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Sacramento’s first Black woman-owned cannabis storefront dispensary opens in midtown

By: Orko Manna

The CORE program is meant to remove barriers of entry into the cannabis industry for people in communities disproportionately impacted by the War on Drugs.

Sacramento’s first Black woman-owned storefront cannabis dispensary just opened, due in large part to the city’s Cannabis Opportunity Reinvestment and Equity (CORE) program.

Crystal Nugs is the fourth storefront dispensary to open as a member of the CORE program. CEO Maisha Bahati said Crystal Nugs, which started as a delivery service, would have never been able to expand to a physical store in midtown without the city’s help.

I wouldn’t have this opportunity if the CORE program did not exist,” Bahati said. “I’ve received loans and grants close to $200,000. I received waivers on our business operating permit. I’ve received technical assistance and just support.”

The CORE program is meant to remove barriers of entry into the cannabis industry for people in communities disproportionately impacted by the War on Drugs. This includes Black and brown communities who were disparately arrested for cannabis-related offenses or lived in neighborhoods that were over-policed for drugs.

“It’s really difficult to get into the cannabis industry,” Bahati said. “The costs to get in are huge, and so you need assistance and that’s what the CORE program essentially does. It provides you with the assistance that will help you further your career in cannabis.”

The CORE program was created in 2018. In 2020, the Sacramento City Council approved 10 new storefront dispensary permits, increasing the number of storefront permits allowed in the city from 30 to 40. Crystal Nugs is the fourth business out of the 10 that received permits to open a storefront.

Davina Smith, the program manager for the City of Sacramento’s Office of Cannabis Management, said the CORE program helps with everything from education to advertising, to networking opportunities – and, of course, funding.

“It’s sort of an organic, living program,” Smith said. “It’s pretty expensive and time-consuming to break into and actually operate a regulated cannabis business, and so, the idea is to break down those barriers, try to reduce costs.”

Smith said the six other businesses are on track to open storefront dispensaries, but they must open by April 1, 2024.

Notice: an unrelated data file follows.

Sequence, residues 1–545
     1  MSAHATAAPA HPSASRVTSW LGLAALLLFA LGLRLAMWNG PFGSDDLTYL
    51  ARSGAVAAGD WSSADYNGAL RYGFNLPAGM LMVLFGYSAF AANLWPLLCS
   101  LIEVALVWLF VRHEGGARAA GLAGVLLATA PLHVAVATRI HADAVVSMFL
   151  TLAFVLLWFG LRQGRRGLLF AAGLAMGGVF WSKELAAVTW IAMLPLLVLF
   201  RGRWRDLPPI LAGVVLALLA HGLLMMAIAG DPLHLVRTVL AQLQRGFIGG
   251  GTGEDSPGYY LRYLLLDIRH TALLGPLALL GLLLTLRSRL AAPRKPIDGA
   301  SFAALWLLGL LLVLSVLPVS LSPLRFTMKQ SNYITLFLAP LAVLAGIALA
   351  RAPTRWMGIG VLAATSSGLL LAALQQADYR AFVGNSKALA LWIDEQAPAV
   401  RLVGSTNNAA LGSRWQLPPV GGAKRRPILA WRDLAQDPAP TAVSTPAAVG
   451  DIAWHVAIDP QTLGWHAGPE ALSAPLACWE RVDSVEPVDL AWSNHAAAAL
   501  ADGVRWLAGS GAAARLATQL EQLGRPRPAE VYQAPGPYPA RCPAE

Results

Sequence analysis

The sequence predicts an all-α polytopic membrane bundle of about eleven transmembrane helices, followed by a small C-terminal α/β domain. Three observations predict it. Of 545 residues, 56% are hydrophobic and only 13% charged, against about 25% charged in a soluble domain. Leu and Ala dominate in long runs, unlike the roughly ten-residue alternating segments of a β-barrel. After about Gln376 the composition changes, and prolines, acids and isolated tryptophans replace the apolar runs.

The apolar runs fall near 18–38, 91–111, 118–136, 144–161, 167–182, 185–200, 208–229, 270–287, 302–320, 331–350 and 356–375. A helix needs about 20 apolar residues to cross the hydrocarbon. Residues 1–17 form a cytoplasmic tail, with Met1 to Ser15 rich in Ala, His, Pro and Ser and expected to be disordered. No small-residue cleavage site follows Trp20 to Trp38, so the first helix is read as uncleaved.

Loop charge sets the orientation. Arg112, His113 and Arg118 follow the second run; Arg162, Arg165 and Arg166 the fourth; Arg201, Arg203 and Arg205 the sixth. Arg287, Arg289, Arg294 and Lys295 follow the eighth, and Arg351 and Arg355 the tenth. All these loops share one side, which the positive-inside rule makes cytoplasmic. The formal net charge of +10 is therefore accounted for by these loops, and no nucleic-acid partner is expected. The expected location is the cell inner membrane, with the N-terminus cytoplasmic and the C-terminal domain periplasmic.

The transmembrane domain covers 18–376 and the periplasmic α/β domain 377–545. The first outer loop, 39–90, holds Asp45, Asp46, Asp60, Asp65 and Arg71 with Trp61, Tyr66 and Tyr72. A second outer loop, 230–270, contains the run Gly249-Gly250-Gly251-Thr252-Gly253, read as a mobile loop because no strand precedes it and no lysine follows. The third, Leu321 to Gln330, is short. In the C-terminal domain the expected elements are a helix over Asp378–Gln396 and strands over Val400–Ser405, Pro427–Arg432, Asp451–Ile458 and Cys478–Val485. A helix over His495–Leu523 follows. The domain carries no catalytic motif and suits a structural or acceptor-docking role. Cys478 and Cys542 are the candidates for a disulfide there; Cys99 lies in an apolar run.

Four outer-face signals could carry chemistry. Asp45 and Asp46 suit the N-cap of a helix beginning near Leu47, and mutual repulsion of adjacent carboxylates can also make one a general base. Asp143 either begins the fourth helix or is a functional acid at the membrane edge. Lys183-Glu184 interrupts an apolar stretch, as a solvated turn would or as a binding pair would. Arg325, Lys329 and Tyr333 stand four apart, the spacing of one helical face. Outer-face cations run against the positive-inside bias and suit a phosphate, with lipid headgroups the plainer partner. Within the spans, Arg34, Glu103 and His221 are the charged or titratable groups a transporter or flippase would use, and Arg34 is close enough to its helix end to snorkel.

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Cannabis entrepreneurs plan manufacturing, distribution, incubator space in North Sac

After becoming among the first Black women in the Sacramento region to run their own cannabis businesses, Maisha Bahati and Miko Banks are looking to extend opportunities to others looking to get into the local industry.

Bahati, the CEO of cannabis delivery business Crystal Nugs, and Banks, owner of cultivation business Resziin Farms, are combining their efforts to start a new incubator space.

The two are collaborating on a new 8,000-square-foot facility in North Sacramento, which would include an incubator for cannabis startups, a cultivation facility and a new manufacturing and distribution facility called Urban City Flowers. Bahati said they’ve secured a 10-year lease for the space. She declined to disclose the address, citing security concerns.

“It would be the first Black-, woman- and equity-owned manufacturing and distribution facility in Sacramento,” Bahati said.

Crystal Nugs will be a partner in the delivery side of the facility, Bahati said, and Resziin Farms will expand its cultivation operations at the site.

In the years immediately following recreational cannabis legalization in California in 2016, Sacramento’s cannabis industry initially became crowded with well-capitalized groups buying up real estate for cultivation, while some local dispensary chains consolidated and grew rapidly. Amid the competition, Banks and Bahati are looking to help more minority-owned businesses find a foothold.

“In this industry you have to have this vertically integrated system,” Bahati said. “The competition is big, and that’s what we’re doing to be more competitive and more self-sustaining in this industry.”

The city of Sacramento has launched efforts to help residents from communities impacted by the war on drugs enter into the relatively young legal cannabis industry, but prospective business owners still face challenges. Both Bahati and Banks graduated from the city’s cannabis equity program, but observed that business owners face barriers when it comes to finding an affordable space to launch their business.

Providing space is just one way to help young businesses get started, Banks said. She said the new facility will have room for up to 12 startups, spanning manufacturing, delivery, cultivation or distribution.

“I’m just offering the infrastructure so people can come in and utilize the space,” Banks said. “That’s how you create generational wealth.”

The two women are funding the project from their current cannabis operations and other businesses. Bahati also owns a fashion line, and Banks has operated a local towing business for the last five years. The two are also seeking interest-free loans that are offered through the city’s equity program, Bahati said.

Banks estimated that the Resziin Farms project will cost $1.8 million in total and could open within a year and a half. Bahati estimated that Urban City Flowers will cost $500,000 to start up and will be ready to launch by September or October.